JFK and Ike at Camp David (Apr. 22, 1961).

I ADMIT IT: How things have changed. I voted for Republican Dwight D. Eisenhower for president. Twice. My parents did, too. They weren’t political people, there in Chicago, but they were Republicans fleeing the corn fields of Iowa and nurturing a hearty dislike of radical (ugh!) president Franklin Roosevelt. And for his successor, Harry Truman (double ugh!), whom they considered a low-caliber type from Missouri. Now both are considered among our best presidents. (What do parents know?)

Barney Brantingham

All this, of course, was in the days when white people were running the show. “Colored people,” as they were known in South Side white circles, did not vote in anything like the kind of numbers we saw in the recent election ​— ​and, of course, hardly at all in the Old Confederacy. As for the other so-called minorities who helped reelect President Obama, Latinos and Asians, as well as gays, were hardly an electoral factor. Women voted as their husbands did, pretty much. No one marched for anything, except on St. Patrick’s Day, and certainly not for civil rights, whatever they were.

Abortion was not an issue anyone talked about. It was not only illegal but performed, as the expression went, only by “back-alley butchers.” If a girl “got in trouble,” she took a vacation with relatives out in the hinterlands. Blacks and whites lived in separate neighborhoods. Hollywood censored the movies, and the Catholic Church banned the books. “The pill” hadn’t been invented.

Dr. Gregory Pincus, encouraged by Margaret Sanger and Santa Barbaran Katherine McCormick, and working with a pharmaceutical company, invented the birth-control pill, which was okayed by the feds in 1960. Big pharm made zillions. Some years ago, I interviewed Pincus, who said he never made a dime from it.

Ah yes, those 1950s, a decade so many cherish as the good old days. A golf-playing, war-hero president. Eisenhower’s Democratic presidential opponent in 1952 and 1956 was an Ivy League intellectual named Adlai Stevenson, a former Illinois governor Republicans slammed as a professorial “egghead,” not a compliment.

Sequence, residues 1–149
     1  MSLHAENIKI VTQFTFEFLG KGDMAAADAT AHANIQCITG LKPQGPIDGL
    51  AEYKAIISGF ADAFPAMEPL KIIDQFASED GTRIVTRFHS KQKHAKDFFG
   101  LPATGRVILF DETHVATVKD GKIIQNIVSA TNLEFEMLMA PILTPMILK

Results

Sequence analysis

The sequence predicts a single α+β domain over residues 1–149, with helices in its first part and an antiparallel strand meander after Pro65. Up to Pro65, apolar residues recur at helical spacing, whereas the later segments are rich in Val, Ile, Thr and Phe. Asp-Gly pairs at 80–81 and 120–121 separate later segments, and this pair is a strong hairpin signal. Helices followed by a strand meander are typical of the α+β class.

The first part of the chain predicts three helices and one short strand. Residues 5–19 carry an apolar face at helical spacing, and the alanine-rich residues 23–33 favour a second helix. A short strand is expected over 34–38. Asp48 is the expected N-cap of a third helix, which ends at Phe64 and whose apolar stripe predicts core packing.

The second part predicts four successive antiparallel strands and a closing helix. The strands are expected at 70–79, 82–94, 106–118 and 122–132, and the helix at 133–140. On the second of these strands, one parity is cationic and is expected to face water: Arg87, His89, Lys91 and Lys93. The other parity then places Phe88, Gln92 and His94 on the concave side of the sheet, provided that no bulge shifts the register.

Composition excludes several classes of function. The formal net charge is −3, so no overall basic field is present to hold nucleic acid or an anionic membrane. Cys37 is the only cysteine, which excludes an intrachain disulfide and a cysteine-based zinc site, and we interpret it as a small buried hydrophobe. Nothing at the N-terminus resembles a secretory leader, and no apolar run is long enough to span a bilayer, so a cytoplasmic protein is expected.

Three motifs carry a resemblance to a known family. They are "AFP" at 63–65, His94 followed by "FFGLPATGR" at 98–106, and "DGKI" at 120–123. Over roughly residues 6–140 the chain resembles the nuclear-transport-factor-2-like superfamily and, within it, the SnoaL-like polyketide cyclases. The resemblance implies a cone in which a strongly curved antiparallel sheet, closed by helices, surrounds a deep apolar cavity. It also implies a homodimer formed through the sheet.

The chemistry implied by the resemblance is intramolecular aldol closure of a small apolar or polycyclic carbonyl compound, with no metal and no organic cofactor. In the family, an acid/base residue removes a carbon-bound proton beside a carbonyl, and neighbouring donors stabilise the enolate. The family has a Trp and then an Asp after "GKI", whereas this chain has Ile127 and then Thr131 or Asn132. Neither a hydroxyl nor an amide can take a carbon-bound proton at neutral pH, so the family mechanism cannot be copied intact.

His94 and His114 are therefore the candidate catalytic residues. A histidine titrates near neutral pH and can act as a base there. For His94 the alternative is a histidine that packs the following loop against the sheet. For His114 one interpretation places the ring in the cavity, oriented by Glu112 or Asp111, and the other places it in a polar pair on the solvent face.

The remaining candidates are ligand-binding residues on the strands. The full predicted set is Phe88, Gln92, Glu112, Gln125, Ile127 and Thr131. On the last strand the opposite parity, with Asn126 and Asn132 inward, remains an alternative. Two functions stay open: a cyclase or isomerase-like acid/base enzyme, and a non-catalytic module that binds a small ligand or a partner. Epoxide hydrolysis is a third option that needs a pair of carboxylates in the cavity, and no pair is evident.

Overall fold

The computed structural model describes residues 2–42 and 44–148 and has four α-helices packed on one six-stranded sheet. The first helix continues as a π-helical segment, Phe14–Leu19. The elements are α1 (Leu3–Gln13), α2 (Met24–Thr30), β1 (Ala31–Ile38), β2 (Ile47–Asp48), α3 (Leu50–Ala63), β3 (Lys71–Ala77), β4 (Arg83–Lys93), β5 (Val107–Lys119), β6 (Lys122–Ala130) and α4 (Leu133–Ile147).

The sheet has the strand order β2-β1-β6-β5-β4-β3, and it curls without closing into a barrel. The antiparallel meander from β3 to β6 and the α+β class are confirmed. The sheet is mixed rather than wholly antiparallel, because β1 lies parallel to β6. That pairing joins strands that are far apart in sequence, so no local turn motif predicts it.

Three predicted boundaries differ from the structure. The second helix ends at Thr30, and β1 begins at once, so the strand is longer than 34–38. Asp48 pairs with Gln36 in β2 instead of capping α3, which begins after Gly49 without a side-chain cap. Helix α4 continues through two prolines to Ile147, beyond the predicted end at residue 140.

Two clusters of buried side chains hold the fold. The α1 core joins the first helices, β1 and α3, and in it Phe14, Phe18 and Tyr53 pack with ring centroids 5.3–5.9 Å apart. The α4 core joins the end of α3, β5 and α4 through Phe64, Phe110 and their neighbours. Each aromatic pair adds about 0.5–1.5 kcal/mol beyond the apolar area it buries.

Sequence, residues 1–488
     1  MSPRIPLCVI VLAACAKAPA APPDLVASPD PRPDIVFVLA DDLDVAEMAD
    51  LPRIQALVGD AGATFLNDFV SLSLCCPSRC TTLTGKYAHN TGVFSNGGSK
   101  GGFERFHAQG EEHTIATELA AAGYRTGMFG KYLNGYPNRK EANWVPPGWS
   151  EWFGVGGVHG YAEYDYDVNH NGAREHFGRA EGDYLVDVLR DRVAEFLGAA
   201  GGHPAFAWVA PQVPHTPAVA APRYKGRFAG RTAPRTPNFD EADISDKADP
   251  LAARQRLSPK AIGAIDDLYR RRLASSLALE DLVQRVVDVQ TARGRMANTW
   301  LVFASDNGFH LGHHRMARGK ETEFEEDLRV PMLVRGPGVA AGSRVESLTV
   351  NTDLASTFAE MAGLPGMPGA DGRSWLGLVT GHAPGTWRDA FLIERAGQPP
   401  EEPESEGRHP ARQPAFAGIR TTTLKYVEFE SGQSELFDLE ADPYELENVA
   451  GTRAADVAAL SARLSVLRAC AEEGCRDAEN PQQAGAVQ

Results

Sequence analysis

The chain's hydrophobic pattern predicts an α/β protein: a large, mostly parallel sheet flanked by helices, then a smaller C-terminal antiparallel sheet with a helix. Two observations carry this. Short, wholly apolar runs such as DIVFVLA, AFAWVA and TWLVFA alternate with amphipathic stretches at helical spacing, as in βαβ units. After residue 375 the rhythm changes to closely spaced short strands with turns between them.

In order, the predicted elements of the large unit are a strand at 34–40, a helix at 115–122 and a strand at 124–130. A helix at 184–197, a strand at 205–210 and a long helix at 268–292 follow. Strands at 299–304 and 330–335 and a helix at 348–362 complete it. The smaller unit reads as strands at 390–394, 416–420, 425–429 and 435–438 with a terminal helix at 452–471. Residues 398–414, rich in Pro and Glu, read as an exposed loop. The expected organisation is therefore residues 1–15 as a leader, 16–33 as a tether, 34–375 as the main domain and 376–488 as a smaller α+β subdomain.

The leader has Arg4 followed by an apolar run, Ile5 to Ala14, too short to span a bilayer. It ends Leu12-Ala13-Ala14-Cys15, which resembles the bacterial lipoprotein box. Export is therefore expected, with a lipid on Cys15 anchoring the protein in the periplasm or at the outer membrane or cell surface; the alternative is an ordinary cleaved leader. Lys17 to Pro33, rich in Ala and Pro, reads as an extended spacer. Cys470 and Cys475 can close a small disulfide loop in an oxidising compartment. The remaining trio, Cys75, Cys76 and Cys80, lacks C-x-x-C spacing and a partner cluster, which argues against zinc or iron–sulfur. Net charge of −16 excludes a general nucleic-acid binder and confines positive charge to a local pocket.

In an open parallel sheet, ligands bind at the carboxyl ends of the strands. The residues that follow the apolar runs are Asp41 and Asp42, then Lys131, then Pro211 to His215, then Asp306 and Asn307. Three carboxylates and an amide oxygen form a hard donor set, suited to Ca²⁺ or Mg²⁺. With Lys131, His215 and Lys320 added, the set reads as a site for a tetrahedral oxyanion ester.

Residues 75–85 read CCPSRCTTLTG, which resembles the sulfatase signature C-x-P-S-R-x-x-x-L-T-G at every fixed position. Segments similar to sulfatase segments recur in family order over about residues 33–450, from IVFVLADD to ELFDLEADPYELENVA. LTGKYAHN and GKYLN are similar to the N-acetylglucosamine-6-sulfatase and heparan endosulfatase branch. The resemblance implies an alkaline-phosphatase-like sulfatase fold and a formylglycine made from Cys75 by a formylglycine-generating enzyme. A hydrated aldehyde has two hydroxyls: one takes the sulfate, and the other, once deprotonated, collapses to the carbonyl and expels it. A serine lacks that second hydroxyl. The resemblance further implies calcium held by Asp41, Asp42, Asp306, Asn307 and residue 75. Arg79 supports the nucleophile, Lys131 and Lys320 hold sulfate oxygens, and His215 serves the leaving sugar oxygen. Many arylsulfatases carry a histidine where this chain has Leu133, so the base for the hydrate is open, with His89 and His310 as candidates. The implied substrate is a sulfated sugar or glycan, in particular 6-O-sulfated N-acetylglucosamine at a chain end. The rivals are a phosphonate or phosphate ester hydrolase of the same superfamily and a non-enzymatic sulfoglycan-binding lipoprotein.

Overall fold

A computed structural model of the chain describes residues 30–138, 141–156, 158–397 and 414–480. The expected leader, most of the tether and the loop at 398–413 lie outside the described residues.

While people joked about Eisenhower’s shaky syntax while speaking, Stevenson was eloquent. Not only was he balding and a Unitarian, whatever that was, but he was (ahem) divorced. A divorced man in the White House? (But by the time Ronald Reagan came along, not a word was said about his first wife. He was an actor, after all.) Stevenson was also a reluctant candidate, enlisted by Truman when all others failed the test. The electorate didn’t know what to make of him, and he didn’t have a chance.

The Cold War was blazing hot in the 1950s, with Senator Joseph McCarthy making wild accusations about Communists lurking all over the federal government. Reputations were ruined. Eisenhower refused to call McCarthy out. In Hollywood, directors, writers, and actors were blacklisted.

Uncle Sam called me from college for Army duty. Eisenhower had presided over not only the Allied Forces in Europe during WWII but also the end of the Korean Conflict; there was now no shooting war. No one thought of escaping to Canada. The economy was booming, suburbs were mushrooming, and (almost) everyone was happy.

But down in Montgomery, Alabama, a young Baptist preacher was being very un-1950s-ish. On December 20, 1956, a seamstress named Rosa Parks refused to leave her bus seat so a white man could sit down. She was arrested, sparking not only a successful bus boycott led by Reverend Martin Luther King Jr. and others but also a sweeping civil rights crusade that changed America. Segregation was at last being challenged.

At the time, I was a personnel specialist at Fort Kobbe, Panama Canal Zone. In 1960, Stevenson, after being whipped twice, amazingly sought the Democratic presidential nomination a third time. But a young new star had ascended: John Fitzgerald Kennedy swept into the presidency, inspiring the nation with promises of a “New Frontier.” Swept up in the fervor, I became a JFK Democrat, and he got my vote over Richard Nixon. When Kennedy was assassinated in Dallas on November 22, 1963, another date that will live in infamy, I truly felt that the world would never, could never, be the same. In a way, I was right.

My children and I gathered around the TV to watch JFK’s funeral, to the beat of those heartbreaking muffled drums. The brief, idealistic Kennedy years were over, along with the 1950s, so unrealistically golden to so many, but so tarnished in the rear-view mirror.


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